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Re: DRAFT: debian-legal summary of the QPL

On Wed, 21 Jul 2004, Steve McIntyre wrote:
> What part of
>   5. No Discrimination Against Persons or Groups
>      The license must not discriminate against any person or group of
>      persons.
> allows for _any_ discrimination?

None of it, apparently, which is one of the reasons why the DFSG is a
set of guidelines, not a mere definition.

> "Must not discriminate" seems pretty clear to me. If you're going to
> argue for "effective discrimination" then you've just argued
> yourself out of free software altogether.

Not necessarily, because the DFSG specifically allows licences like
the GPL. Therefore, we can use those licenses to establish where the
lines of these particular clauses are. Presumably the line for this
clause is where the good to the free software community outweighs the
discrimination inherent in any license that gives rights in exchange
for requiring something from those modifying or distributing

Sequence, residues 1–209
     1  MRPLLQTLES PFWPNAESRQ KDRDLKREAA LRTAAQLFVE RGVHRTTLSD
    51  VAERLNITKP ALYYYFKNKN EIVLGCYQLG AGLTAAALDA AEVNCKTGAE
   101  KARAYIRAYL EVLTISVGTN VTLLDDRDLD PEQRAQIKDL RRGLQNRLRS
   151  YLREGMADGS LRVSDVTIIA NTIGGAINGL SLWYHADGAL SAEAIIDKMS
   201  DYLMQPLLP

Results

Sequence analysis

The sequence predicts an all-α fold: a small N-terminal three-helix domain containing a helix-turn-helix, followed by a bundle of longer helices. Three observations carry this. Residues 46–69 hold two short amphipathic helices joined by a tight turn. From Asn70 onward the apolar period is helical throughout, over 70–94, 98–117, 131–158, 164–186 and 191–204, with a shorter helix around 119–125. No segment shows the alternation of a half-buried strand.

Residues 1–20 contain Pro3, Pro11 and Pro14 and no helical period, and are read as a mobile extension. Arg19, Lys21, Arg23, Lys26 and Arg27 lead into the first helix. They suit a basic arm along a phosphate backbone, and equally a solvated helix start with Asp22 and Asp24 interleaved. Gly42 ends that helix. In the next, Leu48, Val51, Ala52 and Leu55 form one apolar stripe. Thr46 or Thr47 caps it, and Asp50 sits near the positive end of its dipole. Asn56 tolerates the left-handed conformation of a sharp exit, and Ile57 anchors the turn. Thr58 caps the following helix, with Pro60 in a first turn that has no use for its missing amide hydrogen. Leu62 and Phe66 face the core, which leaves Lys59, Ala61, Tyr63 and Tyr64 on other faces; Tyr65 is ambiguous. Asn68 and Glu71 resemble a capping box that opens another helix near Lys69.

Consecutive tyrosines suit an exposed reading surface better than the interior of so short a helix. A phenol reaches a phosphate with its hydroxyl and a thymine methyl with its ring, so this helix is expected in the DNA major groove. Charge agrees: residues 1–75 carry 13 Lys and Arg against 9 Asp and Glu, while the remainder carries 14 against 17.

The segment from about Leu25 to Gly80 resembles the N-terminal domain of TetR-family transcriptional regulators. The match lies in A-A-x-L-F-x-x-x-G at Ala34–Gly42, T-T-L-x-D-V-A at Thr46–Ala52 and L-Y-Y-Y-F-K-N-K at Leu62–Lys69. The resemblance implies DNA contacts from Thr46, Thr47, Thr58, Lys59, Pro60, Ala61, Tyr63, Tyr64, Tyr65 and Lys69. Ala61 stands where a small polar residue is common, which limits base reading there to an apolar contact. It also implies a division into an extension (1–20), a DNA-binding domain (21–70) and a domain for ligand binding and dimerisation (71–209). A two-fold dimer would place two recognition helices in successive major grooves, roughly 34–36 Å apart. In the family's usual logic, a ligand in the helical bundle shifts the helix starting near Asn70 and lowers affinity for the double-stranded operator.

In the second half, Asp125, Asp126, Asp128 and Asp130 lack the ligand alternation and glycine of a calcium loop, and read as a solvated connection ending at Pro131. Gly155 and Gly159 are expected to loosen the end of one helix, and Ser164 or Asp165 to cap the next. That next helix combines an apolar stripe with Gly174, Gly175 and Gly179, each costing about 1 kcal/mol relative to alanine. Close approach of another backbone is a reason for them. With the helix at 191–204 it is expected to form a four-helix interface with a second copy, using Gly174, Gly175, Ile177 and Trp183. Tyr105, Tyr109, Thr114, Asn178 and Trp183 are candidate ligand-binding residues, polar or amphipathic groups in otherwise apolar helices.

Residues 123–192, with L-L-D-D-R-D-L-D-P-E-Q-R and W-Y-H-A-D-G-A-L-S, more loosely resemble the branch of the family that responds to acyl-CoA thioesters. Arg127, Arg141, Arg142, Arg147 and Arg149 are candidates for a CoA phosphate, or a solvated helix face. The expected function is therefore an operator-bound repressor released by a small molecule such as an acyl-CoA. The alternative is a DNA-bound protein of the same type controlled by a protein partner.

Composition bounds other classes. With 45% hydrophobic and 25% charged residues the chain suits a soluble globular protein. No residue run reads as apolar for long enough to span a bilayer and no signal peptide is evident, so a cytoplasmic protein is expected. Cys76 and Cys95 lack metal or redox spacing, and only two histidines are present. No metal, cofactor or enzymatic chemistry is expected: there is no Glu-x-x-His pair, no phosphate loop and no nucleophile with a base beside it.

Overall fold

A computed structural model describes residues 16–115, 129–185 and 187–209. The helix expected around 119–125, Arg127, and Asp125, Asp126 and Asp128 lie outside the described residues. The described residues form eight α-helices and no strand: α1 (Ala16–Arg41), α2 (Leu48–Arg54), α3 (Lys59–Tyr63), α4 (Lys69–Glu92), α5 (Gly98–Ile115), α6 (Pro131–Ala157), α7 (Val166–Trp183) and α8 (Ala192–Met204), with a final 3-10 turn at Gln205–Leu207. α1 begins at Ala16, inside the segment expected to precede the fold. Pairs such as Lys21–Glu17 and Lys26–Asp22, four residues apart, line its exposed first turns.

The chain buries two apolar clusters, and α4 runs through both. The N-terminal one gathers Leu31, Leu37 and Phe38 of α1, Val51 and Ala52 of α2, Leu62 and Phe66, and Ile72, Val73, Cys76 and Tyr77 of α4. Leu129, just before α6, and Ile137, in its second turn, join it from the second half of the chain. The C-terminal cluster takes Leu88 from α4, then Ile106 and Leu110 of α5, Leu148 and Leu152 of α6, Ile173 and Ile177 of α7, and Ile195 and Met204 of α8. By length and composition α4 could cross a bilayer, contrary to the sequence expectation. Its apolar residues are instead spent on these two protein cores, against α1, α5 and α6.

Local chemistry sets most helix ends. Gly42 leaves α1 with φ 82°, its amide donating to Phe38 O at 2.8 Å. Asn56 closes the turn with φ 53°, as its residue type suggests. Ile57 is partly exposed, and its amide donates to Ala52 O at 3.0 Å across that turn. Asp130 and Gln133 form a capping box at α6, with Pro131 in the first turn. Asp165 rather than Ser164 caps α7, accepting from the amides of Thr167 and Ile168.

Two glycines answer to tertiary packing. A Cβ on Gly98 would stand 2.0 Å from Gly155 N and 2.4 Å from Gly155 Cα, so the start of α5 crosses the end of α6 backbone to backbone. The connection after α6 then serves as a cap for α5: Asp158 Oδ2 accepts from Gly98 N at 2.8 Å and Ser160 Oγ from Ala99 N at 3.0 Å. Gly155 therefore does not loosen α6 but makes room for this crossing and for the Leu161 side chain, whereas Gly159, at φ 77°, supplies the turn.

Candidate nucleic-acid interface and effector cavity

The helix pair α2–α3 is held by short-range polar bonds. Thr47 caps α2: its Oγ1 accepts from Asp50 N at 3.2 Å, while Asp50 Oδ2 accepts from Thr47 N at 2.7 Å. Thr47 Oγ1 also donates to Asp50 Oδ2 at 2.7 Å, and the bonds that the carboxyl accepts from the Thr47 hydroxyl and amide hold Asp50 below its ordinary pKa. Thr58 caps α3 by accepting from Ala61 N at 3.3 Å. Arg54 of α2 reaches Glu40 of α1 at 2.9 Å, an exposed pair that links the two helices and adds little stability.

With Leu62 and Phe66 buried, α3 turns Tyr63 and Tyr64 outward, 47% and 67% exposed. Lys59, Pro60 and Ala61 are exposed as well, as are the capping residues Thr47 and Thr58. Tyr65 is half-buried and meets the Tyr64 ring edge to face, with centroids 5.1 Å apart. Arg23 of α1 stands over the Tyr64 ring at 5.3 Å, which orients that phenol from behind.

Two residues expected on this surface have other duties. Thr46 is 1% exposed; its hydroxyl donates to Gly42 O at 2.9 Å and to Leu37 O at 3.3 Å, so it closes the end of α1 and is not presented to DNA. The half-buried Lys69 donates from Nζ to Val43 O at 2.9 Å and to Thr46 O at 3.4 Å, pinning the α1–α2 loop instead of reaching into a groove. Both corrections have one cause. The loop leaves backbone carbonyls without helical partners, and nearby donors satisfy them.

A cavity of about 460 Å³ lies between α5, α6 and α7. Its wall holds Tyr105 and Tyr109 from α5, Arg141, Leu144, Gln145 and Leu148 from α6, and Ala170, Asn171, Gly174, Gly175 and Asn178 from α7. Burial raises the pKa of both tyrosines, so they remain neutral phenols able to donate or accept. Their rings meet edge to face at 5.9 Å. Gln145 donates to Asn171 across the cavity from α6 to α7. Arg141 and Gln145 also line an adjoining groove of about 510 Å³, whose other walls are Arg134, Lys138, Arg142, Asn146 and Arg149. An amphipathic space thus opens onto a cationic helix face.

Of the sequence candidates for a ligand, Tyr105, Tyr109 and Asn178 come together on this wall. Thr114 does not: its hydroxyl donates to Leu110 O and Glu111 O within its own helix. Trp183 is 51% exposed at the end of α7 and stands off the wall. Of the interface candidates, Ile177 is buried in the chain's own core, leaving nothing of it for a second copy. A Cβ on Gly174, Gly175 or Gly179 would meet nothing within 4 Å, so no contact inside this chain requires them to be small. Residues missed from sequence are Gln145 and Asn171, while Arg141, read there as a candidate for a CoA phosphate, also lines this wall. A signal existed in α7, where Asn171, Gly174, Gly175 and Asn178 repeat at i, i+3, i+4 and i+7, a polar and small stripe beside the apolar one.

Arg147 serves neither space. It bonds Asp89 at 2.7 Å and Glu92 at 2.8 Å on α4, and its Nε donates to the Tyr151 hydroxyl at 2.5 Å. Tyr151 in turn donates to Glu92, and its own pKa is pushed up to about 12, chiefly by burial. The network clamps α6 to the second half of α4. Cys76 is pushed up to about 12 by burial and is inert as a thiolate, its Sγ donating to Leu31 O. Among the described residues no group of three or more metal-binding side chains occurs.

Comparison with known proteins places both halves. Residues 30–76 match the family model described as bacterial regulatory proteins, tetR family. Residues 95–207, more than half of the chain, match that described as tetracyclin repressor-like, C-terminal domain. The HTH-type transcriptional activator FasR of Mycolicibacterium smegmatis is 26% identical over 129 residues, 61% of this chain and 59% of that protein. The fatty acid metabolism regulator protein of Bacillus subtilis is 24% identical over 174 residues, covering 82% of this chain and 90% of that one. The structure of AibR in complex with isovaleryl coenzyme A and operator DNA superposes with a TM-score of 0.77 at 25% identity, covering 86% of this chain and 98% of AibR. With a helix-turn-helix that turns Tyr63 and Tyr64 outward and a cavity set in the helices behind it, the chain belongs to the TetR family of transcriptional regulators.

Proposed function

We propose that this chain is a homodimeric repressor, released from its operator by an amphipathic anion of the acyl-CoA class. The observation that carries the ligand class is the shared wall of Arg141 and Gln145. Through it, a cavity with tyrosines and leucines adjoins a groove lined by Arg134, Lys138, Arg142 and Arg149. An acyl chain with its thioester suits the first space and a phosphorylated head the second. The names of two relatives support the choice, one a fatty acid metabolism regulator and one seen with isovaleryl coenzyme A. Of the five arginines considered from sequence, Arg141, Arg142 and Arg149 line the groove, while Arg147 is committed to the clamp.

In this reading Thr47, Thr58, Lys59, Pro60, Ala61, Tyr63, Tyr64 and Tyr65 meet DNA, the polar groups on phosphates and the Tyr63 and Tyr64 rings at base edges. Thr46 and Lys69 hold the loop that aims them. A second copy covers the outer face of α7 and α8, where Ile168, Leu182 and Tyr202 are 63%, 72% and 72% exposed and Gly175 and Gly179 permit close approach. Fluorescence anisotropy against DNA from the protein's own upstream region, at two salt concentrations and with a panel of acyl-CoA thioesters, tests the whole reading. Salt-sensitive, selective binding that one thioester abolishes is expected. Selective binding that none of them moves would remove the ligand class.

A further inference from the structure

modifications. Others may feel that the line is somewhere else.

> Are you reading the same DFSG as me??? "Must not discriminate" is
> not in any sense vague - it does not leave any leeway for "allowable
> discrimination".

Well, then why should effective discrimination be allowed? Surely
effective discrimination fits under "must not discriminate."

In the end, we still come back to the fact that we're dealing with a
set of guidelines that needs to be thoughtfully applied to a
license. For many of these cases, there's no known bright line test,
where X is free, and Y is non free. [See the OSD v DFSG threads for
more examples...]

As always, if anyone can codify such a bright line test, please, do
so. It only makes discussing software freedom easier.

Don Armstrong

Unix, MS-DOS, and Windows NT (also known as the Good, the Bad, and
the Ugly).
 -- Matt Welsh


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